At the end of the 18th century, Camuy was still part of the jurisdictions of Arecibo and San Antonio de la Tuna (today the municipality of Isabela), from which it was demarcated by the Camuy River. In 1797, on the occasion of a visit by Bishop Juan Bautista Zengotita, orders were given to create a parish, which opened the way to official recognition of the town by the Spanish government. In 1807, a group of residents of Camuy gathered at what was known as the Juan Brussi Font square (now Luis Muñoz Marín square), along with the Vicar of the diocese of Arecibo, the Reverend Father Escalera, for the purpose of delimiting land for the church. The new town was to bear the name of San José de Camuy. Félix de Matos was appointed Lieutenant and Judge to govern the newly founded town, whose territory ran from the Carrizal River, in Arecibo, to the Guajataca River.

By 1812, the town had 232 residents. Three years later, the population had increased to 2,196 due to the influx of settlers lured by the benefits provided under the royal decree of grace in 1815. In view of this growth, it was necessary to reorganize the territory, and in 1821, the boundaries of the town were redrawn. In the mid-19th century the town comprised Pueblo, Puente, Yeguadas, Membrillo, Camuy Arriba, Ciénaga de Agua, Piedra Gorda, Zanja de Agua, Puertos, Quebrada de Agua, and Cibao wards.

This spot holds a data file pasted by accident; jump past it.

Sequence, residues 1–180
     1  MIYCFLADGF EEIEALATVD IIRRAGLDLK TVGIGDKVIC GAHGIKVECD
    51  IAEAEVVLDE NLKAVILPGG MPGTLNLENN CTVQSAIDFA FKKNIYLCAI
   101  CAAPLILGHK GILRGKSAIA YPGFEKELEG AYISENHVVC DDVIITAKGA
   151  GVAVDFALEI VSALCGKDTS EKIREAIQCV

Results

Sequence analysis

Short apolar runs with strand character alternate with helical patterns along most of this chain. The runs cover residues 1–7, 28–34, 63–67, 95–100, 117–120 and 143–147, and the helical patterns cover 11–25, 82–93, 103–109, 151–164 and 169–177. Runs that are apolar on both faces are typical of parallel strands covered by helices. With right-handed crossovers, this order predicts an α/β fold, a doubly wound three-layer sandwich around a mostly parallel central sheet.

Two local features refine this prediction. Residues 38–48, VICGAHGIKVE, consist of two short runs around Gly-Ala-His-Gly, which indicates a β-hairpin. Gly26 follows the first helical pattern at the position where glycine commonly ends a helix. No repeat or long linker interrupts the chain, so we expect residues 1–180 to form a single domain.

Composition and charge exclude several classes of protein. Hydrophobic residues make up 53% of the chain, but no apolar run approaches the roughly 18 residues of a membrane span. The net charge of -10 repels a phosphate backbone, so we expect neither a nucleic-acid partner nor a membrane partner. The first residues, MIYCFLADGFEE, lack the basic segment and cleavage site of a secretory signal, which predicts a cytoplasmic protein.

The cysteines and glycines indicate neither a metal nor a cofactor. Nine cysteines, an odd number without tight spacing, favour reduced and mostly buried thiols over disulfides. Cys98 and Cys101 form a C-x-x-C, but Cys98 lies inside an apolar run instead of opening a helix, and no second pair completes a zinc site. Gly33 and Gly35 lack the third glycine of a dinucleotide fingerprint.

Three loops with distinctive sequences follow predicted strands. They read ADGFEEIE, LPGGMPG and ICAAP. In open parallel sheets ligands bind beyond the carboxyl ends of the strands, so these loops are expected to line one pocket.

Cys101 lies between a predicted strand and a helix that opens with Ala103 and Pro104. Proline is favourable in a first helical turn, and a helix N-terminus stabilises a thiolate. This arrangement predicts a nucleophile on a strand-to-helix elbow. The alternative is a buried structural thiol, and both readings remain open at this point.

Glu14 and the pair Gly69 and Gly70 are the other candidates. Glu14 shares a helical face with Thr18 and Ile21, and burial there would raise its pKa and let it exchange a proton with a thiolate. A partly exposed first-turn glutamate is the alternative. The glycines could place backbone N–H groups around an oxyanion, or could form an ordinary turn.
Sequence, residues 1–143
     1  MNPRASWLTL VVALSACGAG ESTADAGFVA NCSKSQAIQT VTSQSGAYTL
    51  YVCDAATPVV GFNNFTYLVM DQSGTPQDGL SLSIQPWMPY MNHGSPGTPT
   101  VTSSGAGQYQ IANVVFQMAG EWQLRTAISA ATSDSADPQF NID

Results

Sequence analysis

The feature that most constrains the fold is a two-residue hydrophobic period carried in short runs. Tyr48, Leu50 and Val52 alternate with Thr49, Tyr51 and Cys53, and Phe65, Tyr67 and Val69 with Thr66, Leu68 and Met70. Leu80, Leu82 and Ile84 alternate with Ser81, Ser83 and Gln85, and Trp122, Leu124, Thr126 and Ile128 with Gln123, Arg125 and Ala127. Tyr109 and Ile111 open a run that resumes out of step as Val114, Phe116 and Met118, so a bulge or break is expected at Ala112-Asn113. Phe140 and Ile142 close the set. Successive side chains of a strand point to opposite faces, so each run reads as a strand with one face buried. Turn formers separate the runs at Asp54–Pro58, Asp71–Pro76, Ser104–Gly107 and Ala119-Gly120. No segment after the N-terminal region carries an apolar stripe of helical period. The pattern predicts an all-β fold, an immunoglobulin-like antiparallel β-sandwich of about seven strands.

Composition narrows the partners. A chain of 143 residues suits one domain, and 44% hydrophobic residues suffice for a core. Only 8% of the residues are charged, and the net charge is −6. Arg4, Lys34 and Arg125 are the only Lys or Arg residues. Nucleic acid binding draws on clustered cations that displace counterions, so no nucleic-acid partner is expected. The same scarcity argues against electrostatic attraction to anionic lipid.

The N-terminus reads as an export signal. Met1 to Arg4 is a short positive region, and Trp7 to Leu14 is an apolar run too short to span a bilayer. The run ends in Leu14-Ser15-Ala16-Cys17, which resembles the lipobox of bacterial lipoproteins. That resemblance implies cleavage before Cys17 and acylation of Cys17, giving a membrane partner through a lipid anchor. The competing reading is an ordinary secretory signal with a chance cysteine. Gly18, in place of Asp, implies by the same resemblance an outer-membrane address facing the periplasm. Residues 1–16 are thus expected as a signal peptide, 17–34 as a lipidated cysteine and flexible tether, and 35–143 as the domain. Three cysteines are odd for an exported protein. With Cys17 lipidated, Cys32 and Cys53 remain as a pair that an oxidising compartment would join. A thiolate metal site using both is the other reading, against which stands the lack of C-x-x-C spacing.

In 1868, Camuy was one of the sites of the anti-Spanish uprising called the Grito de Lares. In the Palomar sector of Ciénaga ward a separatist group was organized under the name of “Lanzador del Norte No. 1,” presided by the Venezuelan Manuel María González. On February 15, 1873, another incident known as “La Estrellada” took place. Apparently some of the conspirators informed the civil guard that a separatist uprising was being planned at the plantation owned by the Dominican Cayetano Estrella, while Estrella was also being threatened with attacks by bandits. When the civil guard went to the plantation to investigate, the authorities were fired on. Estrella and the remaining survivors were arrested and accused of sedition.

In the early 1890s, Camuy benefited from the construction of the first part of the train route from Martín Peña in San Juan to Manatí, and the municipal government laid track up to the center of town. Railway workers increased the population, so that by 1894, there were 11,000 residents in Camuy. Businesses were set up in the area between the railway and the back road between Hatillo and Quebradillas.

After the arrival of the Americans in 1898, construction was begun on additional public works: an electric power plant (1917), rural and urban public schools, an aqueduct that served the municipalities of Camuy and Hatillo, and a sewer system in 1920.

In the 1920s, the economy of Camuy was based on sugar cane. The most important mills were the Central Alianza (Corporación Central Alianza Incorporada) and Central Soller (which belonged to the Soller Sugar Company). The Central Riollano was built on the site of the earlier Central Camuy, whose machinery had been disassembled and taken to Venezuela. In the 1970s, sugar cane, as well as tobacco and produce, was still being cultivated. In 1974, there were 26 dairy farms that produced 10,578,658 quarts of milk. Although a few factories have been established under the government manufacturing development program, there has not been significant industrial development in Camuy.